Town Column : West Tisbury
Thanksgiving is my favorite holiday. It is, to me, all about being mindful and appreciative instead of taking things for granted. Most years Mike and I have Thanksgiving here, with tables spread from one end of our dining room into the sunroom, about 24 feet across the back of our 28-foot house. This year we did something different. Mike and I left Wednesday morning for four days in Redding, Conn., with my family.
Instead of talking on the phone Thanksgiving morning while we are making stuffing and getting the turkey in the oven, talking about our plans for the day, wishing we were together (although we always are in our hearts) I just walked down the stairs from our bedroom to have coffee in my brother Andy's and his partner Edward's sunny kitchen. Their dogs, Gabby and Irving, barked and wagged their tails to greet us. After breakfast, we went for a walk at the Anna Hyatt Huntington Preserve. Now owned by the town of Redding, it was the former home of the famous sculptor, the entrance to the property still guarded by a pair of wolves on the left and bears on the right. It is a beautiful place to walk, much like our Land Bank and Sheriff's Meadow preserves, but with the hills and rocky fields of my childhood rather than the horizontal vistas of our Island walks. The trees are so tall after living on the Vineyard; 50-plus-foot trees are not uncommon.
My brother Michael and his partner Fred arrived mid-afternoon, carrying a basket laden with mince pie and early Christmas presents for Mike and me. Our oldest brother Mark stayed in Enfield, but the rest of us arranged ourselves at a beautifully set table and shared a perfect turkey dinner. My grace was thanks for being with so many of the people I love most in the world and who love me the most.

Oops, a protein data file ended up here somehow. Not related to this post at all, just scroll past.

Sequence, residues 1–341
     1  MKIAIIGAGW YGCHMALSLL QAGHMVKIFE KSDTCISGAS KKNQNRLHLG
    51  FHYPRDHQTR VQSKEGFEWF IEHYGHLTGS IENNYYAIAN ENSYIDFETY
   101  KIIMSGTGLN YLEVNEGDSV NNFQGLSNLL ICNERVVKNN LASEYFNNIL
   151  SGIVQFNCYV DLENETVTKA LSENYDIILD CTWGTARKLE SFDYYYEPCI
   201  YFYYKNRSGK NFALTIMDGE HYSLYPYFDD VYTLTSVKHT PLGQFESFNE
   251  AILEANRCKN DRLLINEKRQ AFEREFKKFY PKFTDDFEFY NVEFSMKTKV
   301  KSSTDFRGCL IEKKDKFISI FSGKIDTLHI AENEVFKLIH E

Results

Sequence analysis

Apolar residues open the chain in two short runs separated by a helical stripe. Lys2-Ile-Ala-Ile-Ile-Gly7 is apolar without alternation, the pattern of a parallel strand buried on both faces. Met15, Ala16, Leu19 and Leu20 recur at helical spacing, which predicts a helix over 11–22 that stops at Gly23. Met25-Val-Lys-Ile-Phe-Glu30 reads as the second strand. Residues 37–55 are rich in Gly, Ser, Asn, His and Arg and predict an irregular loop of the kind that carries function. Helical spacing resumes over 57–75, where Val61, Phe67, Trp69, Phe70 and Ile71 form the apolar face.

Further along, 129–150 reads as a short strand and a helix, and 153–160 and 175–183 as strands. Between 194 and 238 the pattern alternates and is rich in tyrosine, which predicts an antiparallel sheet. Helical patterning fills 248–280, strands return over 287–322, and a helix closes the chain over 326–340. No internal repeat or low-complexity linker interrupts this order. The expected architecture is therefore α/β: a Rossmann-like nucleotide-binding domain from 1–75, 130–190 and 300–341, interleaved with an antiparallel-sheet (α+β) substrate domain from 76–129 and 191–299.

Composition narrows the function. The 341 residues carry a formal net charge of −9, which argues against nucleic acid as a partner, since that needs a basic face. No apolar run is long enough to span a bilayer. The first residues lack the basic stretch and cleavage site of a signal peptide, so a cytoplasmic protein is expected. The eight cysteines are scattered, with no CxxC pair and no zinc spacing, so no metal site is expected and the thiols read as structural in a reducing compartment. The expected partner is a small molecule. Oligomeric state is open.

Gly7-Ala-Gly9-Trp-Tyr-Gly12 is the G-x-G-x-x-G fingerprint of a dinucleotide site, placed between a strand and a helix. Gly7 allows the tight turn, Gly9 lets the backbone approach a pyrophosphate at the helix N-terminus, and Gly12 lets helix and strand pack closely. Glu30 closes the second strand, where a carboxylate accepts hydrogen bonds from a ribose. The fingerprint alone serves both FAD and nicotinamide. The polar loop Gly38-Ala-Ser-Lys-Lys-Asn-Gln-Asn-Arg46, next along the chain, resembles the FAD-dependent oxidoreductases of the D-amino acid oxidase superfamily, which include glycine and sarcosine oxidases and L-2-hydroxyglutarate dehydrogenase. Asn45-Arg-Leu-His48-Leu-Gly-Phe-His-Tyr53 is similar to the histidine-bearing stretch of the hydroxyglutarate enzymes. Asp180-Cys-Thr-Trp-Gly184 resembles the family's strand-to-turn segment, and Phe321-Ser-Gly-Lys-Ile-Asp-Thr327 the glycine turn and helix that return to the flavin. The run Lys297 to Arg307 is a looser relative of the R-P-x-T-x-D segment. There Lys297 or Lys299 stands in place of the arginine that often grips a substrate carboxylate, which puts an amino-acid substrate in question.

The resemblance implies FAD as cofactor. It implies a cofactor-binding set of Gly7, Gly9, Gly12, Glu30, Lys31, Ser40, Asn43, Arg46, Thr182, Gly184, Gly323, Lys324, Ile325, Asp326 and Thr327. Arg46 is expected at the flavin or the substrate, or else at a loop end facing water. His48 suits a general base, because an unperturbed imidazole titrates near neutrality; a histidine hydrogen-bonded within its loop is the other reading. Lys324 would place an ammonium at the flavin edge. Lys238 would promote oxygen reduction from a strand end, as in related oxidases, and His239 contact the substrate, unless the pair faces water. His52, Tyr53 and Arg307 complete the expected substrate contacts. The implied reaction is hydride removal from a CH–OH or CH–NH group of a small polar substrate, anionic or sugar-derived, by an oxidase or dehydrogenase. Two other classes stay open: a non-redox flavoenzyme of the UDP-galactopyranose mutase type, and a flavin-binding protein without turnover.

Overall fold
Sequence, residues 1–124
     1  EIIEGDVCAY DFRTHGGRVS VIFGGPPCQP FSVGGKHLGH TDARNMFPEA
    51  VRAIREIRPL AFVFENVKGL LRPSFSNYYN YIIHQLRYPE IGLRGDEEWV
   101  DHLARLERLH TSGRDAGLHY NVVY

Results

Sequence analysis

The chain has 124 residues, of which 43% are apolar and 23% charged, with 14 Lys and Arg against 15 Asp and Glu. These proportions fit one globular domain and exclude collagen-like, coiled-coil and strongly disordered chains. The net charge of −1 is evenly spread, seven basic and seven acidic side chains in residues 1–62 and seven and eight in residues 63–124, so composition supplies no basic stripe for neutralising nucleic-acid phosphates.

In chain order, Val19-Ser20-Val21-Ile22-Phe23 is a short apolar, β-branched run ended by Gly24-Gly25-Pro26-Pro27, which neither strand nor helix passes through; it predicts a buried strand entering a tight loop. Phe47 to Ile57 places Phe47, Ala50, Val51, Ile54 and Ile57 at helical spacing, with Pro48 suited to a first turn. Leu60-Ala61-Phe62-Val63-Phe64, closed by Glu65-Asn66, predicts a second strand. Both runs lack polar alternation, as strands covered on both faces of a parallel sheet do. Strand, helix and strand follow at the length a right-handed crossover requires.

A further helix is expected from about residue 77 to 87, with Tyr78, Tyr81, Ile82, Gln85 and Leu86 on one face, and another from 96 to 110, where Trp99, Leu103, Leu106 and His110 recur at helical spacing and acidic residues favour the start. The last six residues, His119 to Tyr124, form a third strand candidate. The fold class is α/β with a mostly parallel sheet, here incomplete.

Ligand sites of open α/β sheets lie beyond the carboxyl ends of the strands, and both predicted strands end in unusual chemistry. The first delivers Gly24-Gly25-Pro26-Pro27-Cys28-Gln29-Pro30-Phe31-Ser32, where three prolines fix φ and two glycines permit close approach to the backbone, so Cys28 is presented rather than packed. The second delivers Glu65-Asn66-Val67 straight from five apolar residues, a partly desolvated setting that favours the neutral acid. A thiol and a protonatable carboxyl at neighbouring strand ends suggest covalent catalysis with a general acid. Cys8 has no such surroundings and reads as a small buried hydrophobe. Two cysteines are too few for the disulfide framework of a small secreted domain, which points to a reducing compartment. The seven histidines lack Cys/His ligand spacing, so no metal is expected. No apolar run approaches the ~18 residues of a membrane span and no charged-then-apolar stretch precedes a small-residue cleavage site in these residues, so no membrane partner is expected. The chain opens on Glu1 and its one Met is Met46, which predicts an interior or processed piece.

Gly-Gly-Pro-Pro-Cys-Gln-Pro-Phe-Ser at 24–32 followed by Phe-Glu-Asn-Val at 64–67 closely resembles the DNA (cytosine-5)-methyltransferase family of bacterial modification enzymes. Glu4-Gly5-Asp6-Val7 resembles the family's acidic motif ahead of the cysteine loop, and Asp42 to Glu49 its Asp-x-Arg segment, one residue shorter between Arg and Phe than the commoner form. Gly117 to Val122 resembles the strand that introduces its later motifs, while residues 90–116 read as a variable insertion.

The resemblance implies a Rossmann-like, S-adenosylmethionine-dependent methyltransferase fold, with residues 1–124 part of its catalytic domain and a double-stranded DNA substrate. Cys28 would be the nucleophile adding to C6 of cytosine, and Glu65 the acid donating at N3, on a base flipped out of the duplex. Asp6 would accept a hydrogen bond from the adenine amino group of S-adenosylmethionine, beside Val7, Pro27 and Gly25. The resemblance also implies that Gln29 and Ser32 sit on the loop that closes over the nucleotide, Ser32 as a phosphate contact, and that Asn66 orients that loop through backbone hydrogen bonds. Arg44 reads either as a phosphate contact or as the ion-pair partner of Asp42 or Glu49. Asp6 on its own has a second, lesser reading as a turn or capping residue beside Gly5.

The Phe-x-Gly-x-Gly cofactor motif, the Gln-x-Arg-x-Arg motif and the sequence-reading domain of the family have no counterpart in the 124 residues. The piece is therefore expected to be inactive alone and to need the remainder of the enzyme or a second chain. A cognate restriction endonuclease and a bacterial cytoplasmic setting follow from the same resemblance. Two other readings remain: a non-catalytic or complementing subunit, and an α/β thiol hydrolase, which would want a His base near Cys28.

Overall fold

Friday morning we went to Ridgefield, where we grew up, for our walk along Main Street. For so many years of my life, that was my daily walk, downtown and back from our house with whichever dog I had at the time. Mornings I picked up The New York Times at Squash's (aka The Ridgefield News Store, that surprisingly no longer sells newspapers). Evenings were just for exercise. My parents' house is gone, replaced by a grand white-painted brick McMansion. The hemlock trees in our back yard, started from whips by my father, are gone, as are the Hawthorne and dogwood trees, the fragrant magnolia, and big maples from our front yard. The Ridgefield Historical Society has placed a series of signs along Main Street; they call it "the outdoor museum." Reading the signs was interesting to all of us. For my husband it was all new. For the rest of us, it was a reminder of the history we learned so many years ago. Later in the day, we went to New Haven to see the recently refurbished Yale Art Gallery. I enjoyed seeing and showing my husband all of the paintings that were so special to me when I was in art school. That night we went back to Ridgefield to meet my cousin Michael and his family for dinner at The Corner Pub for the best hamburgers in the entire universe.